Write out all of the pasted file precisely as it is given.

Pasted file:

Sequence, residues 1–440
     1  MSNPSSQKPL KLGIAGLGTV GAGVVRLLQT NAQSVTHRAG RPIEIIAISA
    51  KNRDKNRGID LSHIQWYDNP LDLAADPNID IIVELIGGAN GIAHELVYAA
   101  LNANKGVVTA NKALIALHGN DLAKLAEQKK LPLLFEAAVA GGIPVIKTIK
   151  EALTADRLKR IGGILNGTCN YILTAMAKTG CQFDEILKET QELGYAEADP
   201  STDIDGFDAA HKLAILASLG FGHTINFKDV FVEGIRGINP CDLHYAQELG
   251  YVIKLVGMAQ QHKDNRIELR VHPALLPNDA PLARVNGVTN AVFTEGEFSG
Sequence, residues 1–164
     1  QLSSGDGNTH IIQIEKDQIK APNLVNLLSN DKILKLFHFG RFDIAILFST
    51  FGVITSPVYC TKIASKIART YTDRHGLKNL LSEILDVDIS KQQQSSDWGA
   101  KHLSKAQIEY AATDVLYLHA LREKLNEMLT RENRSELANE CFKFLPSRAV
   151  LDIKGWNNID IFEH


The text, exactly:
Sequence, residues 1–440
     1  MSNPSSQKPL KLGIAGLGTV GAGVVRLLQT NAQSVTHRAG RPIEIIAISA
    51  KNRDKNRGID LSHIQWYDNP LDLAADPNID IIVELIGGAN GIAHELVYAA
   101  LNANKGVVTA NKALIALHGN DLAKLAEQKK LPLLFEAAVA GGIPVIKTIK
   151  EALTADRLKR IGGILNGTCN YILTAMAKTG CQFDEILKET QELGYAEADP
   201  STDIDGFDAA HKLAILASLG FGHTINFKDV FVEGIRGINP CDLHYAQELG
   251  YVIKLVGMAQ QHKDNRIELR VHPALLPNDA PLARVNGVTN AVFTEGEFSG
Sequence, residues 1–164
     1  QLSSGDGNTH IIQIEKDQIK APNLVNLLSN DKILKLFHFG RFDIAILFST
    51  FGVITSPVYC TKIASKIART YTDRHGLKNL LSEILDVDIS KQQQSSDWGA
   101  KHLSKAQIEY AATDVLYLHA LREKLNEMLT RENRSELANE CFKFLPSRAV
   151  LDIKGWNNID IFEH